France’s public transport networks have ground to a near halt as unions dug in for a nationwide strike aimed at forcing President Emmanuel Macron to abandon plans to overhaul the country’s Byzantine pension system.
Railway and metro stations in Paris were largely deserted on Thursday during the early rush hour as commuters dusted off old bicycles, turned to carpooling, or worked from home.
The Eiffel Tower also warned visitors to stay away as Paris deployed 6,000 police for a major demonstration through the capital.
Workers argue that the proposed reforms will make them work longer for smaller pensions.
“Public transport will be very difficult today, as it will be tomorrow and probably this weekend too,” junior transport minister Jean-Baptiste Djebbari told RTL radio.
The countrywide walkout by public workers is one of the biggest strikes in decades.
Left-wing unions want to cripple transport networks, close schools and leave rubbish piled high to force Macron into retreat.
The SNCF state railway says only one in 10 commuter and high-speed TGV trains will run. Train operators Eurostar and Thalys have cancelled at least half their services linking Paris with London and Brussels. The civil aviation authority asked airlines to cancel about 20 percent of flights because of knock-on effects from the strike.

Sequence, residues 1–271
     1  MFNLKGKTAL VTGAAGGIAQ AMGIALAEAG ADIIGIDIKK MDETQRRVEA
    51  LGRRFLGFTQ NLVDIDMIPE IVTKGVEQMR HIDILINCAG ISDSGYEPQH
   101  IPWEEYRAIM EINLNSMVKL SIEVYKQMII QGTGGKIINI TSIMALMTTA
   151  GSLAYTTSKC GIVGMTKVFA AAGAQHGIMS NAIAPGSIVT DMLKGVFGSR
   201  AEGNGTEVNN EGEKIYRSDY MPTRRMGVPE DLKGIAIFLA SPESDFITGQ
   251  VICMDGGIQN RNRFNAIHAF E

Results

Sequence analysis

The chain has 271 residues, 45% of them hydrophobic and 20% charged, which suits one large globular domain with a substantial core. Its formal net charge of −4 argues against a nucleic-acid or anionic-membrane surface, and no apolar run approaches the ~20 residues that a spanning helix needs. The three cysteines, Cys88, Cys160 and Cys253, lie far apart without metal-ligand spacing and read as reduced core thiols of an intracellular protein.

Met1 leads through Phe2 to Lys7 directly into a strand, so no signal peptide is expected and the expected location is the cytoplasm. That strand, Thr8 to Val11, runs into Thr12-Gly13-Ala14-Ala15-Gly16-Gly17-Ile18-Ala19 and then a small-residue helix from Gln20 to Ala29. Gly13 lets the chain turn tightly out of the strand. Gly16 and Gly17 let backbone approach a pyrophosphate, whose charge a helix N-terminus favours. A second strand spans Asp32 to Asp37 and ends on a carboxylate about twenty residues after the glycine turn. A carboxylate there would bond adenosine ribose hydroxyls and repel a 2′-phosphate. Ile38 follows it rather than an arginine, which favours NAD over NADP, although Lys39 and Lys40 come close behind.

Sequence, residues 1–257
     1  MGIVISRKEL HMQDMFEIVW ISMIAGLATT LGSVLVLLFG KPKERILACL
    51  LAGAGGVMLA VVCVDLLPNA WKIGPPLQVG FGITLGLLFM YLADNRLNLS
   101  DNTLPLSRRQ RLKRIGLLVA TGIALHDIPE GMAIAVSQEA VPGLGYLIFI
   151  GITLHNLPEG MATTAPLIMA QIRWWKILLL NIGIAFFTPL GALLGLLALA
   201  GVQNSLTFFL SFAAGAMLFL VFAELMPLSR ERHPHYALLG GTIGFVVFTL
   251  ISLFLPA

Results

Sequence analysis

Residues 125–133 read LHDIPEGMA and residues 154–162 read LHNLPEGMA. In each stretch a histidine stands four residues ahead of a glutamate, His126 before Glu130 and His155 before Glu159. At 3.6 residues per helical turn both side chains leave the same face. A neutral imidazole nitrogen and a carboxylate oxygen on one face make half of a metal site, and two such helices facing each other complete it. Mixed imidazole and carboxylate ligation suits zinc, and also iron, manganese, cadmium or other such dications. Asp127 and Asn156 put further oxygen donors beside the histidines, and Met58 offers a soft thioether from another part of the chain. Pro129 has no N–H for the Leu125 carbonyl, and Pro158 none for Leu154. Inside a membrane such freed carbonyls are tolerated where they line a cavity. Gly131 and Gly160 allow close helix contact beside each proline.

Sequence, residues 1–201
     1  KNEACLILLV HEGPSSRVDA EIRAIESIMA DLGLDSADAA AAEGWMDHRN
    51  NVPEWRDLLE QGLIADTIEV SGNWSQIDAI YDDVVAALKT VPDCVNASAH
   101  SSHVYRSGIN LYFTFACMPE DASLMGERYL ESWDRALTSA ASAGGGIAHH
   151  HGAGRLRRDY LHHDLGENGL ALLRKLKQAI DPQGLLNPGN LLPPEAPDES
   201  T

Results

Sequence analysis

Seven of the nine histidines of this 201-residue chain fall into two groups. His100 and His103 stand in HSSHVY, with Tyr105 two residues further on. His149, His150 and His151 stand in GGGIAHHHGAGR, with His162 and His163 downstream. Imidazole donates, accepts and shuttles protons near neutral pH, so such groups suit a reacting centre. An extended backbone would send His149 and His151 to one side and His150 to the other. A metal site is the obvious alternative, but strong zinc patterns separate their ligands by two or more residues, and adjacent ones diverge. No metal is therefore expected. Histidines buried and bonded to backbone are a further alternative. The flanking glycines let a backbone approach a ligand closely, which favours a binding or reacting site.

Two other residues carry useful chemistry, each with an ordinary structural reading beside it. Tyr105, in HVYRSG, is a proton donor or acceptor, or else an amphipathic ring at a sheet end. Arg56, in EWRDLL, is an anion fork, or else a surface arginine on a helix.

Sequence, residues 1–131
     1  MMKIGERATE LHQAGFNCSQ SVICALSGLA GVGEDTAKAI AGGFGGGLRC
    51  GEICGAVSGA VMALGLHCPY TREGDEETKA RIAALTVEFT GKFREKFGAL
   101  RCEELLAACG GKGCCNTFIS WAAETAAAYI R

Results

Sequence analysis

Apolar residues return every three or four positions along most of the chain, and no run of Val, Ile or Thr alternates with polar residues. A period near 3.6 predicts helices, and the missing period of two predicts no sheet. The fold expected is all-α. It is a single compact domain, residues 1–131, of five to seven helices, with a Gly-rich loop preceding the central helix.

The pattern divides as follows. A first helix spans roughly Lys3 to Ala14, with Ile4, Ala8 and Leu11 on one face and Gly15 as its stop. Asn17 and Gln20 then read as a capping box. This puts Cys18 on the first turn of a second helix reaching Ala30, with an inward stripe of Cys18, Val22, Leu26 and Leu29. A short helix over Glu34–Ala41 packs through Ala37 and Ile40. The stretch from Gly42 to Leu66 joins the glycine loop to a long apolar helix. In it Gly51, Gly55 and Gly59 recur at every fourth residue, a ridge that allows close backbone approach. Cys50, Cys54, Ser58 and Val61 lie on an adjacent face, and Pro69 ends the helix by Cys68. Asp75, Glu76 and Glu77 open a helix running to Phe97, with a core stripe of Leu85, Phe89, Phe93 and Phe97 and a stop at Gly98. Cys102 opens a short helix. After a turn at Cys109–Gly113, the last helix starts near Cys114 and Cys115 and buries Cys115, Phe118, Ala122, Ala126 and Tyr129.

More than half of all primary and secondary teachers are expected to walk out and hospital emergency rooms nationwide will be thinly staffed. Transport unions have set no end date for the strike.
“What we’ve got to do is shut the economy down,” Christian Grolier, a senior official from the Force Ouvriere union, told Reuters news agency. “People are spoiling for a fight.”
Protesters will march from the capital’s Gare du Nord to Place de la Nation. The government has warned that rallies may be infiltrated by violent groups.
Interior Minister Christophe Castaner said thousands of anarchist “black bloc” and hardcore “yellow vest” protesters were expected to wreak havoc. He ordered shops along the route to close.
Rallies are also taking place in other French cities, including Marseille.
Macron’s pension plans
Macron says he wants to simplify France’s pension system, which comprises more than 40 different plans with different retirement ages and benefits, claiming the system is unfair and too costly.
He wants a single, points-based system under which, for each euro contributed, every pensioner has equal rights.
Past attempts at pension reform have ended badly. In 1995, former president Jacques Chirac’s conservative government caved in to union demands after weeks of crippling protests.
Twenty-four years later, the looming standoff is a risky venture for France’s hard-left unions who have seen membership and public support wane in recent years.
They are battling to remain relevant against a president who has faced down waves of strikes over reforms of the labour market and SNCF railways.
For Macron, the showdown will set the tone for the second half of his mandate, with more difficult reforms to come, including to unemployment benefits.
The strikes follow months of sometimes violent “yellow vest” protests over the high cost of living and the perceived elitism of the political class.
Laurent Berger, head of the reform-minded CFDT union, said the social environment today is more explosive than in 1995.